I recently bought a used vehicle. Bitter experience with used cars sold privately led me to make the purchase at an established, reputable dealership, and I’m pleased with the result.
The first car I ever bought was a private sale. A young man showed off the old car he had painted himself, while his mother smiled and offered homemade lemonade. Sold for $600.
The choice of drink proved appropriate when the engine clattered to a final halt a week later.
At the dealership this spring, the harmonized sales tax was not a hot topic. Like most goods, new and used vehicles were subject to 12 per cent PST and GST before, and they are subject to 12 per cent HST now.
When I mentioned this in a news report last week, an astute reader in Nanaimo reminded me that it’s not quite that simple. Vehicles, boats and aircraft sold by private individuals are exempt from GST. This was one of the populist concessions the Mulroney government made in an effort to placate angry voters 20 years ago. In B.C., prior to July 2010, private sales were subject to seven-per-cent PST only.
During the hubbub over the implementation of the HST in its 2010 budget, the B.C. Liberal government also increased tax on private vehicle sales by five per cent, from seven to 12 per cent. The stated reason was to provide “comparable treatment” for private and commercial sales of used vehicles.
This provoked an exchange of partisan accusations that typically passes for debate in the B.C. legislature. It’s a payoff to car dealers, the NDP screamed. You guys opposed all of our income tax cuts and now you’re pretending to support lower taxes, the B.C. Liberals yelled back.
Out in the real world, one can observe the effect of a tax structure that gives an advantage to private sellers.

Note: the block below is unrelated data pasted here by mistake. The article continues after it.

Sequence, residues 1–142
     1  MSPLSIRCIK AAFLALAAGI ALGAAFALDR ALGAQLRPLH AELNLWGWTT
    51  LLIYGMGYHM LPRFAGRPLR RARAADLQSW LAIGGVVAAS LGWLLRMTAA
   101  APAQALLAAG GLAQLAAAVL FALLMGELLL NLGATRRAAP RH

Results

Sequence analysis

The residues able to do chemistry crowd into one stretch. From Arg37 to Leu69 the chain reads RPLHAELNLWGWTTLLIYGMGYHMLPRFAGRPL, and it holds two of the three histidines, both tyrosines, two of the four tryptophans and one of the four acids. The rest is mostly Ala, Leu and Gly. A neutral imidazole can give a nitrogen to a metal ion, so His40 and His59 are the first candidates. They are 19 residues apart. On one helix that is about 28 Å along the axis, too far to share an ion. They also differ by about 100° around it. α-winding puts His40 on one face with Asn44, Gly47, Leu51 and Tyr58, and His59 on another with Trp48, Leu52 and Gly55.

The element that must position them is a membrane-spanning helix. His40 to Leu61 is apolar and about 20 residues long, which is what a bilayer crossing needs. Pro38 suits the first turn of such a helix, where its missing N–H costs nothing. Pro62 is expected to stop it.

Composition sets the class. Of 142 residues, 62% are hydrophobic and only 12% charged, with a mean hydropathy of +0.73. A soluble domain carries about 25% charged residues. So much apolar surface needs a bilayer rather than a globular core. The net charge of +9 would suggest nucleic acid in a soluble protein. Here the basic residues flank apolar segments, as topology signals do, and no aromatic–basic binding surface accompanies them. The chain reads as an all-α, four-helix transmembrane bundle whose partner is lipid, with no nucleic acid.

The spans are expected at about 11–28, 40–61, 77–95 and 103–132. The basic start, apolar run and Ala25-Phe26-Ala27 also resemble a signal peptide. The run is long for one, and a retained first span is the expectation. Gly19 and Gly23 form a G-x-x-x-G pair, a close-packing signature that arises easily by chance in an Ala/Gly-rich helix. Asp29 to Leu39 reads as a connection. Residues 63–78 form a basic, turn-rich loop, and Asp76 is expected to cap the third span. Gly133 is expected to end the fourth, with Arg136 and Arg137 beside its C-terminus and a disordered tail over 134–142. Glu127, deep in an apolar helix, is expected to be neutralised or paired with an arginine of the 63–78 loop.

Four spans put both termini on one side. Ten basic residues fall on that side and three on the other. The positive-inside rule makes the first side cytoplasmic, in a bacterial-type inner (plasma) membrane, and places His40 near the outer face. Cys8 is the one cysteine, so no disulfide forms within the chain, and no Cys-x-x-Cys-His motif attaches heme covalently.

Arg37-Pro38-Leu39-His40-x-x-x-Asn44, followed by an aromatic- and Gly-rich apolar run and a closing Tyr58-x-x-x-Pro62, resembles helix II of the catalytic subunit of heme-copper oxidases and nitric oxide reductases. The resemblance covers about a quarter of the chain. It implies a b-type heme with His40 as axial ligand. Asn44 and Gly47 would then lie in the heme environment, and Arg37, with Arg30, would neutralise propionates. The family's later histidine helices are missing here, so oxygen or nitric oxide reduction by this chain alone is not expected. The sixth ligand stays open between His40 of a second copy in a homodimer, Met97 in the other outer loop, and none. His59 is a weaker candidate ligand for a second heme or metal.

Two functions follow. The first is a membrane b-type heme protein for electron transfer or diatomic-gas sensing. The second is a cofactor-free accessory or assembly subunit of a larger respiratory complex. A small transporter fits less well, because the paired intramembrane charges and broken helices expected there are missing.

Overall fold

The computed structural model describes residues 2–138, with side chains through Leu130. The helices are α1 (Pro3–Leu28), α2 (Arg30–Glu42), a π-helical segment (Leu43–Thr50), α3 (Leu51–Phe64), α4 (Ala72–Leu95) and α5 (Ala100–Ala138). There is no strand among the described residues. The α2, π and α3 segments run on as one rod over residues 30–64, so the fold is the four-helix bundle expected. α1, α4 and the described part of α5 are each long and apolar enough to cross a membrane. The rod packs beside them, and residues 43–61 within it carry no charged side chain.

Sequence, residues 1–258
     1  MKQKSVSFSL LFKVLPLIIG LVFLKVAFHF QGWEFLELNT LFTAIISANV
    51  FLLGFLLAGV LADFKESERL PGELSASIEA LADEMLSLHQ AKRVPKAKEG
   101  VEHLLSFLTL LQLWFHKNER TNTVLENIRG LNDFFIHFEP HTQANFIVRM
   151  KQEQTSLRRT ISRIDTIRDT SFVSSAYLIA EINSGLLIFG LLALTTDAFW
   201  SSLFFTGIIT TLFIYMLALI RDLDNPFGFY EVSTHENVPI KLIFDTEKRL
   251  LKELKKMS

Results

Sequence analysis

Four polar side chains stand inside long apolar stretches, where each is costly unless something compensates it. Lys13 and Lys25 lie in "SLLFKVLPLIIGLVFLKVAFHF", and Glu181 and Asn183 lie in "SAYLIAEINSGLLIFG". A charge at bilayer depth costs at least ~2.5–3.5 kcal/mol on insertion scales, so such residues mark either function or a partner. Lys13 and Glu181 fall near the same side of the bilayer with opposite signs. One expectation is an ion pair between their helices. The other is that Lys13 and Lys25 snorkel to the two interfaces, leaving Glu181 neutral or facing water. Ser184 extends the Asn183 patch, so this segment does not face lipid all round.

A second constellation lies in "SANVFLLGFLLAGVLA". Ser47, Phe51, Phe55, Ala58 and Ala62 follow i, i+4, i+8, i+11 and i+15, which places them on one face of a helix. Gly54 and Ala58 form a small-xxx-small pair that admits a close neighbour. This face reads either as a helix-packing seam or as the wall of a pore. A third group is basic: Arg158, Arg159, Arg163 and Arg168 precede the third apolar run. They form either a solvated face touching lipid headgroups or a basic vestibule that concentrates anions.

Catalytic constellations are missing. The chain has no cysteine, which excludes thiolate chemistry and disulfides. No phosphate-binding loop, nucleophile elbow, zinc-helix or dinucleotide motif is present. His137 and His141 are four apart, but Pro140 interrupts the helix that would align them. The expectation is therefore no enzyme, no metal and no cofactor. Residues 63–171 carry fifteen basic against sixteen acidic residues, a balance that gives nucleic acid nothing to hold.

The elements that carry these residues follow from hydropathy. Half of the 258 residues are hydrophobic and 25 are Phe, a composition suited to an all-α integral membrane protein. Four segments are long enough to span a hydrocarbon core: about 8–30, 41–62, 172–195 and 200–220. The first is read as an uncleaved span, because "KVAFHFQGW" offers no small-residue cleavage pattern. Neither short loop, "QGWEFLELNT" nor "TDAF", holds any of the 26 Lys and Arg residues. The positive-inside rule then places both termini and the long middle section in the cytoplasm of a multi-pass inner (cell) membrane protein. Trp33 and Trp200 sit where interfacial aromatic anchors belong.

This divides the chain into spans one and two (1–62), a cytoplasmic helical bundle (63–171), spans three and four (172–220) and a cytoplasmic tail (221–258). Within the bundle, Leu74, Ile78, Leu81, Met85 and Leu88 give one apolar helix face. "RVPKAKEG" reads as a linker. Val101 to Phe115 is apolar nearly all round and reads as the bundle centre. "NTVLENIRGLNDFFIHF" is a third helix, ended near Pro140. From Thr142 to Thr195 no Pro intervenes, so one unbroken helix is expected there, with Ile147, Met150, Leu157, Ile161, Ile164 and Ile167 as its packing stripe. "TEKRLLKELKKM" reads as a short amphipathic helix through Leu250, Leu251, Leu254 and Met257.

Municipal governments call them “curbers.” They use their garage, driveway and street to repair and market an endless series of used cars. Whether they are crooks or not, their efforts are every bit as appealing to the neighbourhood as the guy with multiple illegal suites whose tenants plug up the parking for the whole block.
In each case, they violate zoning rules and hog services for personal benefit. And if you think they pay income or other taxes on their home businesses, I have a 1973 Pinto you might want to test-drive.
The subject of used cars came up last week when NDP leader Adrian Dix belatedly launched his own anti-HST tour. Apparently he’s having second thoughts about letting Bill Vander Zalm set NDP tax policy based on a world government conspiracy theory.
Dix’s first media event was staged in a Burnaby kitchen. The homeowner dismissed the $350 HST rebate he has been offered to offset costs such as summer camp for his two kids, saying that will be gone several times over if he buys a used car.
This clearly implies that HST has been extended to used cars. This is the sort of claim that drives much of the rage against it, as people simply scan their bills for those hated three letters.
There are signs that people understand their taxes better, however. An Angus Reid poll last week found that 58 per cent of British Columbians now prefer to pay taxes on their consumption rather than their income.
Tom Fletcher is legislative reporter and columnist for Black Press.